Book Review The Blood . A Guide to Its Examination and to the Diagnosis and Treatment of Its Diseases. By G. Lovell Gulland, M.A., B.Sc., M.D., and to the Royal Victoria Hospital for Consumption, etc., Edinburgh; and Alexander Goodall, M.D., F.R.C.P.E., Lecturer on Physiology and on Practical Medicine at Surgeon's Hall, and on Diseases of the Blood in the Edinburgh Post-Graduate Courses in Medicine, etc. With 16 text illustrations and 16 colored plates. New York: E. B. Treat & Company. 1912
Boston Medical and Surgical Journal
have travelled in the last few years in relation to the patient's comfort-apart from the patient's safety. The second edition of Crandon's book "has been largely recast; some chapters have been entirely rewritten, and others nearly so; several illustrations have been replaced by better ones, and many new ones have been added. ' ' As was stated in the original preface, the book is intended for house surgeons, and general practitioners, and "every procedure has stood the test of practice, and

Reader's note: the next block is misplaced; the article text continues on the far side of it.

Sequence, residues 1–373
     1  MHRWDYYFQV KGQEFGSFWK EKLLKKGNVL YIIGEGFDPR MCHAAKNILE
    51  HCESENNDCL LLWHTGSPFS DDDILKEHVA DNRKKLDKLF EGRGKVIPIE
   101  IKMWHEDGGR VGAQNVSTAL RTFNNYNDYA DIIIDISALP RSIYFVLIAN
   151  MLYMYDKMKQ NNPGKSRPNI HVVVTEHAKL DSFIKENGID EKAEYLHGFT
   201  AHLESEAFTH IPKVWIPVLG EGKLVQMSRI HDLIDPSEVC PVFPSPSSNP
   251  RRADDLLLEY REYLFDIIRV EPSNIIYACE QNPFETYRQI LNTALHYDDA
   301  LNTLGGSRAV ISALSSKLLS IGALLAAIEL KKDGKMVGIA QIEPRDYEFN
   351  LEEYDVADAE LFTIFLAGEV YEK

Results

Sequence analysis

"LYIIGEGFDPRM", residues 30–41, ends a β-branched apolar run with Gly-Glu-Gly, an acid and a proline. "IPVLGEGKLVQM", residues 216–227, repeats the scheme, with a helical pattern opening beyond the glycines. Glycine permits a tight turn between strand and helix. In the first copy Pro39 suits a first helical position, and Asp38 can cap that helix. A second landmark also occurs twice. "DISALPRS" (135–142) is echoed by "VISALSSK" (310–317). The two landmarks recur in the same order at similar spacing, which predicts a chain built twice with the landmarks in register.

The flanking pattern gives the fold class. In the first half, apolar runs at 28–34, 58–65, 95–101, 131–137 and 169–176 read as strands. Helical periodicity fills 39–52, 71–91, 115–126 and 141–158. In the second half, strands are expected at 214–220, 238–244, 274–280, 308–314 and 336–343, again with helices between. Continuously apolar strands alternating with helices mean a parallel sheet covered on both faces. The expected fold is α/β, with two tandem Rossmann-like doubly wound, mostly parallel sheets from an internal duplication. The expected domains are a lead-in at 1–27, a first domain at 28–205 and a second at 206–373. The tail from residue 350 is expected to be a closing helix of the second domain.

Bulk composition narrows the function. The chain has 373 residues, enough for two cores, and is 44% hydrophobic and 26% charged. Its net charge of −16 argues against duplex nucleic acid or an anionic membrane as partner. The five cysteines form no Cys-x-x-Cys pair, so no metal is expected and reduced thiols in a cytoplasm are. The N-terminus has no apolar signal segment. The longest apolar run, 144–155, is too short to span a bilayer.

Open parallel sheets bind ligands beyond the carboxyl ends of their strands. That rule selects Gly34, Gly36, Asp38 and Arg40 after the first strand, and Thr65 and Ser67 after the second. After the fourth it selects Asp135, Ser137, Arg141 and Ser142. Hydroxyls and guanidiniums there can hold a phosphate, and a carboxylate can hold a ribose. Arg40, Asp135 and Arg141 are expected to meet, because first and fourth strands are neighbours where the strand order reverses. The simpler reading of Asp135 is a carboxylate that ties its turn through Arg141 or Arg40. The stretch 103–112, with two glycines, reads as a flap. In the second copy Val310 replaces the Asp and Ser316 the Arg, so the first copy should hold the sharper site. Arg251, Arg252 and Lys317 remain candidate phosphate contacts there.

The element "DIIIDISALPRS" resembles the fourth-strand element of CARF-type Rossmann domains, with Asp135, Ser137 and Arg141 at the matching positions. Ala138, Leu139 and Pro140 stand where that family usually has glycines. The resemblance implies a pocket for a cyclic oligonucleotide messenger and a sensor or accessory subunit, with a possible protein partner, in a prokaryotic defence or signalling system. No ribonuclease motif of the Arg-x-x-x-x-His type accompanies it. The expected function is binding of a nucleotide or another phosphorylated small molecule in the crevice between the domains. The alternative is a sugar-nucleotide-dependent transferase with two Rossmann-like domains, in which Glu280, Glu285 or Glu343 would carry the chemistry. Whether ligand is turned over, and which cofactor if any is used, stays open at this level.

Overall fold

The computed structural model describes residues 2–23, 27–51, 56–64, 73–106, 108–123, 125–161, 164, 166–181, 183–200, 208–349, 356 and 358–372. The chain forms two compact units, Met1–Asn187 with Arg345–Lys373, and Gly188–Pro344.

... f practice, and will safely do for the reader until, from his own experience, he develops his own methods." The volume contains a little more than 800 pages. Its arrangement, type, and general character of bookmaking continue at xhe high level set in the first edition. Though only two years have elapsed, very many changes and alterations have been necessary to keep abreast of the constant advances in surgery. This second edition is an admirable piece of work,-concise, accurate, modern and complete. It is a credit both to its writers, to the hospital from which both writers have graduated and to which both are now attached as assistant surgeons, and to the city of Boston. In this volume of 344 pages including the index, the authors have attempted with success to give a record of their experience in disorders of the blood, modified and enlarged by the investigations of others. The first part is taken up with methods of examination and in this those methods are emphasized which have proved practically useful to the writers. In part second the formed elements of the blood are discussed, together with certain facts regarding the blood at different ages and the sources of the blood cells. The third part concerns the diseases of the blood, bone marrow and lymphoid tissues, and the fourth the blood in special diseases other than those of the blood-forming organs themselves. The final section is devoted to a discussion of diseases due to animal parasites. The book is written in a systematic and concise form and contains a vast amount of information connected with the blood and its diseases. The t references to the literature on the subject are numerous but naturally incomplete, an inevitable consequence of the extended research and publication which has been going on during the past two decades. The illustrations are on the whole well executed and should serve as an easy means of identification of the actual blood pictures as seen under the microscope. There is a short description of the case from which each plate was drawn, which adds to its value. The text, with illustrations and the printing are each of them good. No attempt is made to cover the field completely, but as an aid in illustrating the subject the book fulfils its purpose well. Tuberculin in Diagnosis and Treatment. By In the short book of twelve chapters and an appendix, Pottenger takes up the subject of tuberculin in diagnosis and treatment. That the author is an enthusiastic believer in tuberculin is very evident; the general trend of medical opinion would not entirely support all of his claims as to the efficacy of this agent in diagnosis and treatment. In his first chapter on tuberculin in early diagnosis, he urges against waiting for a positive sputum and emphasizes the dangers of latent tuberculosis. In the second chapter, again he deplores the fact that "the attitude of the medical profession toward the tuberculous patient has been one of delay, indefiteness, and indecision throughout. The positive attitude, strange to say, has often been on the side of withholding measures of diagnostic, therapeutic, and preventive merit." These are strong words, but are unfortunately only too true. The writer's description of the methods of giving the various tests, technic, dangers and advantages are clear and concise. The tendency is rather to dwell too much on the bright side of tuberculin. The book is not overloaded with references and statistics, and those which are given are presented in a fashion which makes them easy to understand. The chapters on treatment contain an interesting discussion of the complex question as to exactly how tuberculin acts in the body, which is put in language clear even to those not familiar with the complex phraseology of the subject The appendix contains translations of Koch's original articles on the subject of tuberculin ; these should prove of the greatest interest and value to all practitioners. On the whole, the tone of the book is sane and sound, and it is a welcome addition to the literature on the subject. Running through the entire book is a plea for the early diagnosis and treatment of this disease. This alone makes the book of distinct value.